So why make jewelery out of spoons? Spoon jewelry isn’t a new fashion trend, but apparently dates back to the 17th century. Early spoon jewelry is said to have been predominately rings and was made by servants who had stolen flatware from their masters. Another history claims sailors in the navy would sneak silverware away from a ship galley to make engagement rings for their girlfriends.
Personally, I like the idea of reusing objects that once held significance to make an item that is cherished by someone else. Jewelry made out of antique objects that are no longer valued by a family seems like a great way to provide a second life to a family heirloom. It makes me wonder about how other family collections could be re-purposed—eg. that overwhelming set of teacups your aunt has been storing for years.
The overwhelming majority of visitors to the archive I work at have never been inside an archive before. Many of the visitors come from outside academia or are undergraduate and high school students stepping into an archive for the first time. In addition to being new to archives, many visitors are searching for documents relating to their personal or family history.
How do you frame the uses and potential research value of an archive to new visitors?
This is often the ‘elevator pitch’ for the archive and includes a condensed version of services, resources, and archival holdings. We emphasize that staff are available to help new researchers, that material is available online (and we can provide instruction on navigating the site), and that material can be copied for research purposes.
If the visitor is a student, we often point out potential research topics in their field of study, suggest relevant publications, and encourage them to ask questions. We also remind students of hours and that we aren’t open weekends.
Additionally, all visitors can take a contact card which has our website, email, and phone information on it. We also have more in-depth pamphlets for those interested.
How to you facilitate non-academic research?
Since the majority of our visitors are not engaged in academic research, our reading room contains material to help people research family history. We have reproduction photo albums which visitors can flip through, media clip binders (copies of newspaper articles), and copies of frequently used government documents which visitors can flip through at their leisure.
Typically, people researching family histories are able to find necessary material without staff ever having to pull anything from the archive. This cuts down on staff work and the use of reproductions helps preserve original documents and photographs.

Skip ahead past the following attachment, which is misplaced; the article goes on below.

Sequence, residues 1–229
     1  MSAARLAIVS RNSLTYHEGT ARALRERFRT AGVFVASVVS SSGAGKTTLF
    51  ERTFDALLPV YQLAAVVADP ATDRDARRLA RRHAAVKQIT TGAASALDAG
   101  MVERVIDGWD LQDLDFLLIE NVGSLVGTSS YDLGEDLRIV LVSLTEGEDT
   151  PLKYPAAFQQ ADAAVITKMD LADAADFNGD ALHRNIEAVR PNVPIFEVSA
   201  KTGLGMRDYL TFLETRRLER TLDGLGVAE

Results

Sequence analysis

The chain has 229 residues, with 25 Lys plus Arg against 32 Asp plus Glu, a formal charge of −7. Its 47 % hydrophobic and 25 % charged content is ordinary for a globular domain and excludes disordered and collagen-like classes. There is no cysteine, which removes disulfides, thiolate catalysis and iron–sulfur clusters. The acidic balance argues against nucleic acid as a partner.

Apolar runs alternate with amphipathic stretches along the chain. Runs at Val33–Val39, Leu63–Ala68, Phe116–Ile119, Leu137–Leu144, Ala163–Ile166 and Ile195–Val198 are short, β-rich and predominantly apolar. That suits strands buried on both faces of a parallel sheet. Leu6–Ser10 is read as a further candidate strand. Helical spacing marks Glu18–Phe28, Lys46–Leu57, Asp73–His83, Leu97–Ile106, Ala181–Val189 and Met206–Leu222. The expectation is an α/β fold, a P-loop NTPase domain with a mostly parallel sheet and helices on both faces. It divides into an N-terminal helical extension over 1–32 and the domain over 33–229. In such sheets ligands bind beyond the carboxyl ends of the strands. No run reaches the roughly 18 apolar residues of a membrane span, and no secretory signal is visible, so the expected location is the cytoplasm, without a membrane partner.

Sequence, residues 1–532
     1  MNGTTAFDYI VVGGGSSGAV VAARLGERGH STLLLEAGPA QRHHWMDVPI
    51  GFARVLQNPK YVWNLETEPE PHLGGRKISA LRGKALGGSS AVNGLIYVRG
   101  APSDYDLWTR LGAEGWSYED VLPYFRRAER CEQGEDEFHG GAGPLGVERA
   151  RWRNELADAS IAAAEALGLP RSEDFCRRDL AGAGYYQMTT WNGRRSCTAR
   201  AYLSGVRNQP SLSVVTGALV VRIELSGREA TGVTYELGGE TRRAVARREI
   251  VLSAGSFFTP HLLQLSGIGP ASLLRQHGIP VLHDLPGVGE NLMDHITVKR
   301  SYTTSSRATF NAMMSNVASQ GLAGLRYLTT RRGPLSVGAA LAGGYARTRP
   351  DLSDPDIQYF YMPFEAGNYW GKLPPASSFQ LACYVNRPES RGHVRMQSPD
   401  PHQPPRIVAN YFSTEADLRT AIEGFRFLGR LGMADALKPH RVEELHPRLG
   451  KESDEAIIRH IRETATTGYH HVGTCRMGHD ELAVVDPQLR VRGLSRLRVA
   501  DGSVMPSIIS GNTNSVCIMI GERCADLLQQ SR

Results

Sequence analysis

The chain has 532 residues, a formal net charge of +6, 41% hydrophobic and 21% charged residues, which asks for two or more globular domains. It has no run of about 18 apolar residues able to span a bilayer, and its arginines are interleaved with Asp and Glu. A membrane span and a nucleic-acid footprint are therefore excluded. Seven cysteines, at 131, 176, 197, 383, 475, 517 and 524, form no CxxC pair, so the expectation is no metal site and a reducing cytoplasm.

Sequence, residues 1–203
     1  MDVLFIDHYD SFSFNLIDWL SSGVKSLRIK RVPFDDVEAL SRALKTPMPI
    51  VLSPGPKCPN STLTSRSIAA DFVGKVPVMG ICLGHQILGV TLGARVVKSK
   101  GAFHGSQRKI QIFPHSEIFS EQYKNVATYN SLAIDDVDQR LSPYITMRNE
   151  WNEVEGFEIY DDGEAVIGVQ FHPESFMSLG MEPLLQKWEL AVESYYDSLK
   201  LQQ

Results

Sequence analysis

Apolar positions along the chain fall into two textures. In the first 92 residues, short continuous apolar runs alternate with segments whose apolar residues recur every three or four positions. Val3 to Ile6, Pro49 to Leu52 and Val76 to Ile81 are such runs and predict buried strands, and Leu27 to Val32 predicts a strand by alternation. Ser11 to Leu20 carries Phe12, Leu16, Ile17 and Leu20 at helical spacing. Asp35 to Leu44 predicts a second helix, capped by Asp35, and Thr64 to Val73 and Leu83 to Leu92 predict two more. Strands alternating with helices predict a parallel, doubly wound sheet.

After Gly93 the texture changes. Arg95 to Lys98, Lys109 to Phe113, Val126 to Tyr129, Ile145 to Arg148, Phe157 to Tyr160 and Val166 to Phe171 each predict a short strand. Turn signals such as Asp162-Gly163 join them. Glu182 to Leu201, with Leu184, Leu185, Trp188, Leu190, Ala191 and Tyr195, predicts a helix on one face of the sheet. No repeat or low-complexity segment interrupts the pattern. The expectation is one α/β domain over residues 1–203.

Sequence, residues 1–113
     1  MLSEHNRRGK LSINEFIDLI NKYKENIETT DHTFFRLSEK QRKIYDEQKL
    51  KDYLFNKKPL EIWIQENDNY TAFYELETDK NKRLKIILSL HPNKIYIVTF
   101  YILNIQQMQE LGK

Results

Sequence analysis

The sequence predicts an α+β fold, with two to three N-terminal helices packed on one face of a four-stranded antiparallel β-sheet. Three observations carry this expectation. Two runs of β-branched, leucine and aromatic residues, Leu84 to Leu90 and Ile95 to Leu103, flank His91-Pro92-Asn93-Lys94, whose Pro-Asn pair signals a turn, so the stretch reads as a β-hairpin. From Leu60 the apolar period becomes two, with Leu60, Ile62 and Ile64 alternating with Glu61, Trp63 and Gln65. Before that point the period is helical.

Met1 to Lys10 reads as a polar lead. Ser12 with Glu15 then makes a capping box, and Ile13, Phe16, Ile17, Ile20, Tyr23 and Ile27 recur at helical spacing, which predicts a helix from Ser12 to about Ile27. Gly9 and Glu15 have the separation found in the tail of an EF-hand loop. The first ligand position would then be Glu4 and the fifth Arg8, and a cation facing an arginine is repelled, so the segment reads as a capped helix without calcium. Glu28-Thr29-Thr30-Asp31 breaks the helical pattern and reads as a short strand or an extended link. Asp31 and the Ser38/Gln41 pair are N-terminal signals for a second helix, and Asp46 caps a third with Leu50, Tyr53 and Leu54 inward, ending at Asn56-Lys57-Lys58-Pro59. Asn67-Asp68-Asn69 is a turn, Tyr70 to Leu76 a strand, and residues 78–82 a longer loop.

How do you greet new visitors at your organization?
Photo credit: Dublin City Public Libraries
Mice, silverfish, cockroaches, and a whole pile of other creepy crawlies can do serious damage to your collection of photographs, letters, scrapbooks, and family memorabilia. This damage can take the form of nesting, eating, and burrowing in your paper based materials.
Most libraries and archives maintain stringent Integrated Pest Management (IPM) systems to protect their holdings from unwanted pests. These IPM systems are often far too time consuming and expensive for the average person to undertake. So what can you do to protect your family’s history?
- The majority of pests like dark damp places. Whenever possible avoid storing items in basements, garages, crawlspaces, or attics.
- If you know where pests may be entering your house, eg. poorly sealed windows or doors, block off the entry route.
- When practical store items in sealed containers NOT cardboard boxes that will deteriorate when wet and can easily be entered by most pests.
- Preventative action is better than reactive action, but where necessary there are methods you can take to try and eliminate pests. The method you choose will also depend on what type of pest is in your collection and how comfortable you are with each pest control method.
- React at the first signs of pests – droppings or signs of nesting. Do not wait for the problem to get worse.
- Canadian Conservation Institute (CCI) has a great chart (page 1 and page 2) that outlines which type of control method is applicable to each pest type.
- CCI’s full pest management guidelines can be seen here.
What other methods have you used to protect your family’s photographs and documents?
Full Disclosure: This post may have been inspired by encountering my cat playing with a mouse in my living room this morning.